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Embryonic Stem Cells Created Without Embryo

By BiotechDaily International staff writers
Posted on 11 Feb 2014
Image: Researchers have created embryonic-like stem cells with the ability to develop into any of the dozens of highly specialized cells of the body, ranging from cardiac-muscle cells to the nerve cells of the brain and spinal cord (Photo courtesy of Brigham and Women’s Hospital / RIKEN Center for Developmental Biology).
Image: Researchers have created embryonic-like stem cells with the ability to develop into any of the dozens of highly specialized cells of the body, ranging from cardiac-muscle cells to the nerve cells of the brain and spinal cord (Photo courtesy of Brigham and Women’s Hospital / RIKEN Center for Developmental Biology).
US and Japanese researchers have demonstrated that any mature adult cell, known as a somatic cell, has the potential to change into the equivalent of an embryonic stem cell.

Scientists have had great expectations for their use in treating a wider range of diseases because human embryonic stem cells are pluripotent. However, the acquisition of human embryonic stem cells from an embryo can cause the destruction of the embryo, consequently raising ethical concerns. In 2006, researchers introduced an alternative to collecting embryonic stem cells called induced pluripotent stem (iPS) cells.

The investigators revealed that it was possible to send a normal adult cell back to an undifferentiated, pluripotent stem cell state by introducing genetic material into the cell, a process that changes the original state of the cell. To avoid the use of embryonic stem cells, other scientists have focused more on the use of adult stem cells, but the use is of these cells is limited because, dissimilar to embryonic stem cells that grow into any sort of mature cell, adult stem cells can only grow into specific cell types.

The new findings were published in the January 30, 2014, issue of the journal Nature. Researchers from Brigham and Women’s Hospital (BWH; Boston, MA, USA) in collaboration with the RIKEN Center for Developmental Biology (Kobe, Japan) have shown in a preclinical model, a novel and unique way that cells can be reprogrammed, an event they termed stimulus-triggered acquisition of pluripotency (STAP). This process, significantly, does not require introducing new outside DNA, the process typically used to persuade adult cells back into a state of pluripotentency.

“It may not be necessary to create an embryo to acquire embryonic stem cells. Our research findings demonstrate that creation of an autologous pluripotent stem cell—a stem cell from an individual that has the potential to be used for a therapeutic purpose—without an embryo, is possible. The fate of adult cells can be drastically converted by exposing mature cells to an external stress or injury. This finding has the potential to reduce the need to utilize both embryonic stem cells and DNA-manipulated iPS cells,” said senior author Charles Vacanti, MD, chairman of the department of anesthesiology, perioperative and pain medicine and director of the laboratory for tissue engineering and regenerative medicine at BWH and senior author of the study. “This study would not have been possible without the significant international collaboration between BWH and the RIKEN Center,” he added.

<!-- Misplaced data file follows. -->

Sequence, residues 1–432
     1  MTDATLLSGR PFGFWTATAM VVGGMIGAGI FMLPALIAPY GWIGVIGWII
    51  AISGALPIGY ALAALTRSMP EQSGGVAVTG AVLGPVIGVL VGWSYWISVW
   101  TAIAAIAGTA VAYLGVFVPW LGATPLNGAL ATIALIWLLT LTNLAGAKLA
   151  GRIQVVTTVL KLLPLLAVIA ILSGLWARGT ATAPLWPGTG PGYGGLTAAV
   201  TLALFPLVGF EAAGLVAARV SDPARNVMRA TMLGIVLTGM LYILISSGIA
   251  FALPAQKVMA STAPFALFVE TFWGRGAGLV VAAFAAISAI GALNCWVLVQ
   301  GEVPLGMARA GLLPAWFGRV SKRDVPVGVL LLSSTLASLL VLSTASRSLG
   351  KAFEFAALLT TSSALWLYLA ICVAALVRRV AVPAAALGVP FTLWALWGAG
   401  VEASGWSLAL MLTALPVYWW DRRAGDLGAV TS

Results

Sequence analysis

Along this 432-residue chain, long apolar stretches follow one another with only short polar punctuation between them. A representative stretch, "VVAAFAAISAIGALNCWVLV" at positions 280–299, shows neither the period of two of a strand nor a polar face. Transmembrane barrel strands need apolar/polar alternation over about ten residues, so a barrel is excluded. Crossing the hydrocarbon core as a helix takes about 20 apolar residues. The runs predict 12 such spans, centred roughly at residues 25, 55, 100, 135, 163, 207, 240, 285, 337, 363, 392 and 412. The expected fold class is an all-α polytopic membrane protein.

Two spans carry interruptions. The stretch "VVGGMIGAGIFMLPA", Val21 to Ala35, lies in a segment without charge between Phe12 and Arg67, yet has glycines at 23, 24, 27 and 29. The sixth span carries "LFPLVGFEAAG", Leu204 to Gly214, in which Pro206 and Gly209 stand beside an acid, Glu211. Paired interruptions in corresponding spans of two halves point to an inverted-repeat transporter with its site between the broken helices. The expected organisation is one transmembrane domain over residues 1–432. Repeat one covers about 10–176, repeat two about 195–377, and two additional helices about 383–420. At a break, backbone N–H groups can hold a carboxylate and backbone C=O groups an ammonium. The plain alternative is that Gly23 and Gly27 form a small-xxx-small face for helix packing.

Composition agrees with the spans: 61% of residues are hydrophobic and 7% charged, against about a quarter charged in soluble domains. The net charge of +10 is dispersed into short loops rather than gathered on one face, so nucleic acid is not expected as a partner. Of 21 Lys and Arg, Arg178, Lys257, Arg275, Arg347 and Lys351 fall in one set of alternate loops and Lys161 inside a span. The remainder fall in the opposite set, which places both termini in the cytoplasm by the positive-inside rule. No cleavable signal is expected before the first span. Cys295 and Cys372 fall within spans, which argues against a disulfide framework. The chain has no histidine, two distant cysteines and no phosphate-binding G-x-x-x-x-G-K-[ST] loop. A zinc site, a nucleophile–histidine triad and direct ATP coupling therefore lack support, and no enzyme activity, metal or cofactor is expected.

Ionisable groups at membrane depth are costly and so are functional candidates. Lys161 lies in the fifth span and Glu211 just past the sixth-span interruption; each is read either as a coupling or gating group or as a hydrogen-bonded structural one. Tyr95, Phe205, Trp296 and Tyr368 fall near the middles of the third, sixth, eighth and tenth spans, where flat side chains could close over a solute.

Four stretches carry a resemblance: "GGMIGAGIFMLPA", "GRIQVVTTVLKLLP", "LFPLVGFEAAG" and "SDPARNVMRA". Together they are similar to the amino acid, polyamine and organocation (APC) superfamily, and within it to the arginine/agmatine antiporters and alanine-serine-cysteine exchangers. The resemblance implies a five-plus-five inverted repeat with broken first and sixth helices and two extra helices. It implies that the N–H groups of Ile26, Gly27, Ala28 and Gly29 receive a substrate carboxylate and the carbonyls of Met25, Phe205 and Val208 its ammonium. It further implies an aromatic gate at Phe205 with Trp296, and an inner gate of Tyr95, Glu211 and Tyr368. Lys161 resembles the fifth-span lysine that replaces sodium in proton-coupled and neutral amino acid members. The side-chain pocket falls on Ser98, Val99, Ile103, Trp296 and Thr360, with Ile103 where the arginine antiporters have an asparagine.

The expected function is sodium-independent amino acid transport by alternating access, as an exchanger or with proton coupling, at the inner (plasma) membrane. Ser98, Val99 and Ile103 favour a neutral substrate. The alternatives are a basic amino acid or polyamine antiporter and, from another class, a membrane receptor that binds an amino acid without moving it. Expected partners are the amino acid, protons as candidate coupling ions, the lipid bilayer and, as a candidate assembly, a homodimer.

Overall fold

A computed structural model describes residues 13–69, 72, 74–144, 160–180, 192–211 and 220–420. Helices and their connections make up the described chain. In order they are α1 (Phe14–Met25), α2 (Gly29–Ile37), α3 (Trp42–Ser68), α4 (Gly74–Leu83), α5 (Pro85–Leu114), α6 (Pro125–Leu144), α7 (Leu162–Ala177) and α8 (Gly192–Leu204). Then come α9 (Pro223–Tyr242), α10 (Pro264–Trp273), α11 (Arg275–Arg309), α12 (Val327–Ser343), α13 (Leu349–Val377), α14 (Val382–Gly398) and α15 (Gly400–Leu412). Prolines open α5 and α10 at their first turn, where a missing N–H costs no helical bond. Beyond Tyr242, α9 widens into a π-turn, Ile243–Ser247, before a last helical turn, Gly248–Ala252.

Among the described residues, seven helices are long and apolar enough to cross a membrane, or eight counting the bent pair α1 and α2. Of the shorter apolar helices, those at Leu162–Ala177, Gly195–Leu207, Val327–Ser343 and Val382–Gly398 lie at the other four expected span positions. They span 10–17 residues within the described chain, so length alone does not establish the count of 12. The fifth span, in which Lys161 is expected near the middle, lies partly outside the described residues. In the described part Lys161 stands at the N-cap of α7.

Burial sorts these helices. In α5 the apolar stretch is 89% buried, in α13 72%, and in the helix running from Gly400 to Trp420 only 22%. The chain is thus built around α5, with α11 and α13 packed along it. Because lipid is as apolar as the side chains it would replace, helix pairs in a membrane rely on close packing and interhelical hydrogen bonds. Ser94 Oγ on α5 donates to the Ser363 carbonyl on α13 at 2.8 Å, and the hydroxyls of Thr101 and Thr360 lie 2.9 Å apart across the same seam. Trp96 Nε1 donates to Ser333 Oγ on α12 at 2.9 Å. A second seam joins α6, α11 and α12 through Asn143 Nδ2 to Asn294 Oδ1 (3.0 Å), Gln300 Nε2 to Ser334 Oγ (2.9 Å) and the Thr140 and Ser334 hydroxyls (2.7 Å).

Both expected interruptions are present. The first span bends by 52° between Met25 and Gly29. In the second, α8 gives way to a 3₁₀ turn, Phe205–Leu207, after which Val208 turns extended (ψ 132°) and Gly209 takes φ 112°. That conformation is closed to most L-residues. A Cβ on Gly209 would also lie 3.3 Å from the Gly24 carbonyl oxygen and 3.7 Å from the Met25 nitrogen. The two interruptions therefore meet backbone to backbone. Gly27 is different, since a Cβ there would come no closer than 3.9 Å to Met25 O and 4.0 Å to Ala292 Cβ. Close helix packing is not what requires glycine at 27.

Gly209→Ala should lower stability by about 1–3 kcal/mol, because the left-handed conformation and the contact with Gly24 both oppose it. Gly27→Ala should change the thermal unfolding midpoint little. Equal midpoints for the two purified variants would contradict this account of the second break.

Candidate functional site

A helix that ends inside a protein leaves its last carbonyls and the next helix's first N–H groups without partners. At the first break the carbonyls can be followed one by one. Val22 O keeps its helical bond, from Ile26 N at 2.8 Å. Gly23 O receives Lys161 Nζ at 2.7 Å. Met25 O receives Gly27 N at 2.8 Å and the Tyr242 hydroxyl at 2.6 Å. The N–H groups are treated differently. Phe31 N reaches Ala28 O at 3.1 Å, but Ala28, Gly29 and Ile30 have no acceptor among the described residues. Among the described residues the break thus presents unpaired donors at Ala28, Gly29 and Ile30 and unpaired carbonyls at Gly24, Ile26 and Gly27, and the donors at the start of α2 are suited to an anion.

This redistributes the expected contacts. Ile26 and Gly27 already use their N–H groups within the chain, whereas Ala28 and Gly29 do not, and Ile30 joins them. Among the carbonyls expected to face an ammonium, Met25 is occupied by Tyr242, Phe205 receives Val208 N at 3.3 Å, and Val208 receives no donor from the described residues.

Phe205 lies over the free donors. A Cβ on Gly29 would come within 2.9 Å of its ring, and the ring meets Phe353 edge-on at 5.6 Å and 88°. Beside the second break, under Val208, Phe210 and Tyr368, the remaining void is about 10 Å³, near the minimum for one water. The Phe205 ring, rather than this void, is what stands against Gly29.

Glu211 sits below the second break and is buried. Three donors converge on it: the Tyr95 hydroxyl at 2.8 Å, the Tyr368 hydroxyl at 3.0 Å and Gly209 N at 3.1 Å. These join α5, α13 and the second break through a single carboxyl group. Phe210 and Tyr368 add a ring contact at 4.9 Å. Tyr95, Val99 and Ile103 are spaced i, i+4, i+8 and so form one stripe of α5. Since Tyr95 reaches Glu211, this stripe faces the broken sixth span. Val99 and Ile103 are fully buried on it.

Researchers, drawing from the ability of a plant callus—a node of plant cells that is created by injuring an existing plant, to grow into a new plant—hypothesized that any mature adult cell, once differentiated into a specific cell type, could be de-differentiated through a natural process that does not require inserting genetic material into the cells. “Could simple injury cause mature, adult cells to turn into stem cells that could in turn develop into any cell type?” postulated the investigators.

Researchers theorized that these findings raise the possibility that unknown cellular functions that are turned on through external stress, may set mature adult cells free from their current responsibilities and allow them to return to their naïve cell state. “Our findings suggest that somehow, through part of a natural repair process, mature cells turn off some of the epigenetic controls that inhibit expression of certain nuclear genes that result in differentiation,” said Dr. Vacanti.

The researchers noted that the next step is to investigate this process in more advanced mammals and finally in humans. “If we can work out the mechanisms by which differentiation states are maintained and lost, it could open up a wide range of possibilities for new research and applications using living cells. But for me the most interesting questions will be the ones that let us gain a deeper understanding of the basic principles at work in these phenomena,” said first author Haruko Obokata, PhD.

If this same process can be demonstrated in human cells, then someday, through a skin biopsy or blood sample, without the need for genetic manipulation, researchers may be able to generate embryonic stem cells specific to each individual, which then could be used to create tissue without having to insert any outside genetic material into that cell, creating endless possibilities for therapeutic options.

Researchers reported that there are still more questions about the process. Dr. Vacanti and colleagues are interested in examining why and how stressful stimuli drive reprogramming to create the pluripotent state.

Related Links:

Brigham and Women’s Hospital
RIKEN Center for Developmental Biology




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